Photographs: Vivek Prakash/Reuters
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'Procurement of equipment is a problem'

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Do you concede that the informal network of mohalla committees, the citizen-police relationship, is breaking down in Mumbai somewhere?

To say that informal network has broken down is not correct. The murder of journalist J Dey was cracked only because of the informal network. Maybe we need to strengthen the informal network in the areas where terrorist activities happen, but still the intelligence gathering agencies are very active.

After 26/11, a better intelligence sharing system has been put in place. After 26/11, many things worked, some did not, we are trying to find out why some things did not work and whatever worked we are trying to improve further.

The coastal security is still vulnerable. Would you concede that many of the recommendations of the Ram Pradhan committee and all that was discussed after 26/11 have still not been implemented on ground?

Everything that has been recommended has not been done, like purchase of close circuit cameras have not been completed, as procurement is a problem. Our coastal security system has been put in place, however it is not up to the mark yet, but we have started putting the coastal security situation in place.

New boats have come, and we have set up a marine police station, there are things happening. At the same time, the police organisation programme has not moved as rapidly as we would have liked to. I am looking into why it is difficult to procure equipment.

You are saying it is becoming difficult to procure equipment -- so you are accepting modernisation, CCTV cameras are a problem...these are genuine problems you are faced with?

Yes, purchase of security equipment, whether it is at the level of ministry of defence or home ministry or various state police organisations, is difficult. People are put in administrative duties for a shot time of 2-3 years. Nobody wants to take the risk of selecting low standard equipment.

Technologies move very fast, our procurement period takes years to complete, and if you get equipment immediately you will be accused of buying obsolete equipment and therefore people are afraid to take decisions. I brought this up to Prime Minister Manmohan Singh and Union home minister and we are all facing the problem at respective levels.

 


Image: A victim being rushed to hospital
Photographs: Reuters
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'We want the businessmen in Zaveri Bazaar to shift immediately'

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The diamond bourses are talking of moving out to the suburbs of Mumbai. They are frightened to live in these congested areas. What would you tell them today? Should they move out and decongest that part of central and south Mumbai?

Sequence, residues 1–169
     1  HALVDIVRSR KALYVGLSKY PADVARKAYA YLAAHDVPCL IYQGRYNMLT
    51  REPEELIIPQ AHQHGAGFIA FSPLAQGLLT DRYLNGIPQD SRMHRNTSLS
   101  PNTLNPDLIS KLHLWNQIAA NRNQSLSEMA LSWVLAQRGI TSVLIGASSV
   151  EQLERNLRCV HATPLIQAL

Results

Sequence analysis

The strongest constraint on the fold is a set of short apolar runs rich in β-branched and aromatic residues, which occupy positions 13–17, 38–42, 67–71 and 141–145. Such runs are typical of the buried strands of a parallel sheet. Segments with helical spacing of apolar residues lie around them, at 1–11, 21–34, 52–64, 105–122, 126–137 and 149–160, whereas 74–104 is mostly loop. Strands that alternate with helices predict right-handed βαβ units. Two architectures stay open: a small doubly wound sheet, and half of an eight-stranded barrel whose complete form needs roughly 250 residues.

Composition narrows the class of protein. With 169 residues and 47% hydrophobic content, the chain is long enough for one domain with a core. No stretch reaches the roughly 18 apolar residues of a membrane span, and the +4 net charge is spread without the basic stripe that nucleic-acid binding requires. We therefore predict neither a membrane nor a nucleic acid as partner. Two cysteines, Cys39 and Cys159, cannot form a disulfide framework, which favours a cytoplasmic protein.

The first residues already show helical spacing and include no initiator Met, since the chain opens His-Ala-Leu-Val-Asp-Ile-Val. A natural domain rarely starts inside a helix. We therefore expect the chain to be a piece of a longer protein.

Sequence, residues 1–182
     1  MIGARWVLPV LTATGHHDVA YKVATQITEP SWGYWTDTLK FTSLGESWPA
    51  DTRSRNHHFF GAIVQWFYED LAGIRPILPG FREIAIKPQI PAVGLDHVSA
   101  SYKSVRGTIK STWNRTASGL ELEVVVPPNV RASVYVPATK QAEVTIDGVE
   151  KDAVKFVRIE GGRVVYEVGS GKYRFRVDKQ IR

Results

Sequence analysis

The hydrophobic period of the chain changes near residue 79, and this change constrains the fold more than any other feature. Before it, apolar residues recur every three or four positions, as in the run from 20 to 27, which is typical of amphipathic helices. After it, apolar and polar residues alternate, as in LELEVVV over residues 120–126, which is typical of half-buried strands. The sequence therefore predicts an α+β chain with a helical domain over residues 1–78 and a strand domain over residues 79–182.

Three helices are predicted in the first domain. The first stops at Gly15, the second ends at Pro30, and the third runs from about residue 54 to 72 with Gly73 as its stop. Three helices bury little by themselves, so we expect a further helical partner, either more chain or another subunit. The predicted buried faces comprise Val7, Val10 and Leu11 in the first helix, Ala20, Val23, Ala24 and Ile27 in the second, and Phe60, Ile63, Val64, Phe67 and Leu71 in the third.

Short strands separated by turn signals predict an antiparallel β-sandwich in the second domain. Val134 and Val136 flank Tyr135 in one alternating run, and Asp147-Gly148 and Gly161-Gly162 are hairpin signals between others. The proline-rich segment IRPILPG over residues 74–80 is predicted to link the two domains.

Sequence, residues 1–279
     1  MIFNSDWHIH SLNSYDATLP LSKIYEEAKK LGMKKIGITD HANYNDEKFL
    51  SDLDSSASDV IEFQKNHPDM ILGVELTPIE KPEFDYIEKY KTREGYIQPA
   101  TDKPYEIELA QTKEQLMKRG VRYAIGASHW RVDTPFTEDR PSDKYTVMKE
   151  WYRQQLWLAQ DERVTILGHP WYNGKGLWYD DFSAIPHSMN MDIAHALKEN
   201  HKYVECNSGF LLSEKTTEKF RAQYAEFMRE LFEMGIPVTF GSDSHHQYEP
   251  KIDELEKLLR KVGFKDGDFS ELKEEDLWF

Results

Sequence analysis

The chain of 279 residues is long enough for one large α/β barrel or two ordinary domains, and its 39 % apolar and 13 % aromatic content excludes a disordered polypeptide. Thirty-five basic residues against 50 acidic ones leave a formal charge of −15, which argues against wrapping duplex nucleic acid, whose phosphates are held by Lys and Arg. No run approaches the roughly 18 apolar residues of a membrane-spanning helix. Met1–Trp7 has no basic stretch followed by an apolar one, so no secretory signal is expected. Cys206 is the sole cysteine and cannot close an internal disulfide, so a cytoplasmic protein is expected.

Yes they must, there is a brand new diamond bourse that is being created at the Bandra Kurla Complex, which I think is perhaps the best in the world. I don't understand why people have not moved to the new bourse. Maybe the costs are slightly higher but there are very good facilities there. If there are any concerns about security we will address them.

I will interact with them soon and find out why they have not moved. We want them to shift immediately.

Only 30,000 policemen in a city of 2.5 crore people. Citizens argue a majority of that is used for VIP security. What are you going to do to bolster active policing instead of passive policing for VIP security? What would you say to the angry Mumbaikars who say it's time to change policing?

This is over exaggerated. You should not flaunt it but those who have to be protected should be protected only based on threat perception. The policemen engaged in policing are far larger than those engaged in VIP security.

One fear is that rain will wash away the evidence. How real is that threat as you piece together the investigation?

I was informed by the Union home minister that the teams which came from Delhi -- like the NIA, Central Forensic Laboratory team, clubbed with our own team -- have collected forensic samples that they need You need blood samples, fragments of explosives, etc. And they have collected that. The rain might have washed away little evidence, but they have collected enough evidence.


Image: A businessman locks his shop at Zaveri Bazaar after the blasts
Photographs: Danish Siddique/Reuters
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'Let's not speculate'

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Is the theory of 'suicide bomber' being explored?

What was given by the MHA to media on Thursday was that it was a bomb made out of ammonium nitrate and fuel oil and a triggering device.